"El almuerzo empieza en unos minutos."
Translation:Lunch starts in a few minutes.
Regardless, at least in American English, no one would ever say "some minutes." "See you in some minutes" for example sounds really odd. It will always be "a couple" or maybe "a few." But really, in common usage, one will always say "a minute" even if more than one is actually meant. As in "give me a minute," "see you in a minute," or "lunch is in a minute."
I think a lot people, including myself in the past have used "a couple" to mean "a few" but a lot people only think "two" when they hear it. And it probably should just be thought of as "two". Nothing about "unos" tells us it is "two" either.
Yes I was taught eons ago couple for two, few for 3/4, some 5 or more. But everyone takes liberties with these. May be not so in Spanish.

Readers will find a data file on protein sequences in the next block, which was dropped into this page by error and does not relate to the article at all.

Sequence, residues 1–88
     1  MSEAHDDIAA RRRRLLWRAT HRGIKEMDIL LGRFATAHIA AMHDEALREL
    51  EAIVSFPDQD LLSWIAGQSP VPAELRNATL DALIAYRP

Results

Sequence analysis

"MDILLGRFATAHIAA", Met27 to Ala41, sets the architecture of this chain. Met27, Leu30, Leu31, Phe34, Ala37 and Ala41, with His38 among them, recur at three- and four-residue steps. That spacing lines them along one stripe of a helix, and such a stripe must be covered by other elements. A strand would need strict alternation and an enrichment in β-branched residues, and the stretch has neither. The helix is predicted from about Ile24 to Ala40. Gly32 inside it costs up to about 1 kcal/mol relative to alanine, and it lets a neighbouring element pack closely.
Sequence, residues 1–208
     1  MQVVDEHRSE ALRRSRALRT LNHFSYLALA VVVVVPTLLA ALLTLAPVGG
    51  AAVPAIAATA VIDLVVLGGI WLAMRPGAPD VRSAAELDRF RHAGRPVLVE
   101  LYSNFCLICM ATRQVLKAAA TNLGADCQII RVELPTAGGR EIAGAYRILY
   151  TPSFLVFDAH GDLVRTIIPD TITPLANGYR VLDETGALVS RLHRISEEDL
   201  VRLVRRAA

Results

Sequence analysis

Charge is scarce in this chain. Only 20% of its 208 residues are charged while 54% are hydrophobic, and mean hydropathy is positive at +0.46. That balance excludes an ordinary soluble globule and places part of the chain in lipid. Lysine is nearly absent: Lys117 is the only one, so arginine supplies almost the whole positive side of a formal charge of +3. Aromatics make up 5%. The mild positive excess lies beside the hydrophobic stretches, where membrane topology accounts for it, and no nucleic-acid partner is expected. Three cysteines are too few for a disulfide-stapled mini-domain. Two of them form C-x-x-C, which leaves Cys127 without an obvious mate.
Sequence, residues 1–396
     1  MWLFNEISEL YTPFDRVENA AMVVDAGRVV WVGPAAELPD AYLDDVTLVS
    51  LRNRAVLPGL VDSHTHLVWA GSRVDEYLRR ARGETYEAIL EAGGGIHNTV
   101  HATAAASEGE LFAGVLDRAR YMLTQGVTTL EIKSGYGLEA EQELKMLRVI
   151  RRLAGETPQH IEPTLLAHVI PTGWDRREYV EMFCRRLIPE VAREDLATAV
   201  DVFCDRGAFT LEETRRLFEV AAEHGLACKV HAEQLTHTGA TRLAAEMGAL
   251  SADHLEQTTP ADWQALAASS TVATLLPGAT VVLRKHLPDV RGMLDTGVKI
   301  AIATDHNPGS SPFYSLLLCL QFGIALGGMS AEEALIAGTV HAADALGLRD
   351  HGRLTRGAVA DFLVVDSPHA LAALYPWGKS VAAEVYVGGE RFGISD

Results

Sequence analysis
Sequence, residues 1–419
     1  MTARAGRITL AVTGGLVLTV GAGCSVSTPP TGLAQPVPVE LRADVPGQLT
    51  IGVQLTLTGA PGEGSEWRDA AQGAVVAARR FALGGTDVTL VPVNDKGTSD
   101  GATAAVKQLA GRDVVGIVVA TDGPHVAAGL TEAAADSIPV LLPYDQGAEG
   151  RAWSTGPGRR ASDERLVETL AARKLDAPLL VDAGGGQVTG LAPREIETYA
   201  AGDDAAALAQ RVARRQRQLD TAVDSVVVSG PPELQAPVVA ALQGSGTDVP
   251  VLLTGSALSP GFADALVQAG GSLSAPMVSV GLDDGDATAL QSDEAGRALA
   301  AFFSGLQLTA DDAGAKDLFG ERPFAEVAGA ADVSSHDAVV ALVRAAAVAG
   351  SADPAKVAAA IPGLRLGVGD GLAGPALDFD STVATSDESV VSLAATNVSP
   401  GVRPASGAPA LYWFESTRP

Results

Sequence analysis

Does almuerzo have to take a definite article. Could it be un almuerzo and still mean lunch? Does the el elevate it to something more formal like a work lunch or a lunch for a special occasion?
English is not my first language (and know that it just like that) but I wonder why there is a 'a' before the words few minutes of it is in fact plural...Thanks
From "http://ell.stackexchange.com/questions/9684/a-few-takes-a-singular-or-plural-verb-in-present-simple-tense: "A few" is not article + noun but a fixed phrase which acts as a quantifier, like some or several. If you are asked How many men will this job require you may answer A few, but not A group. – StoneyB Sep 2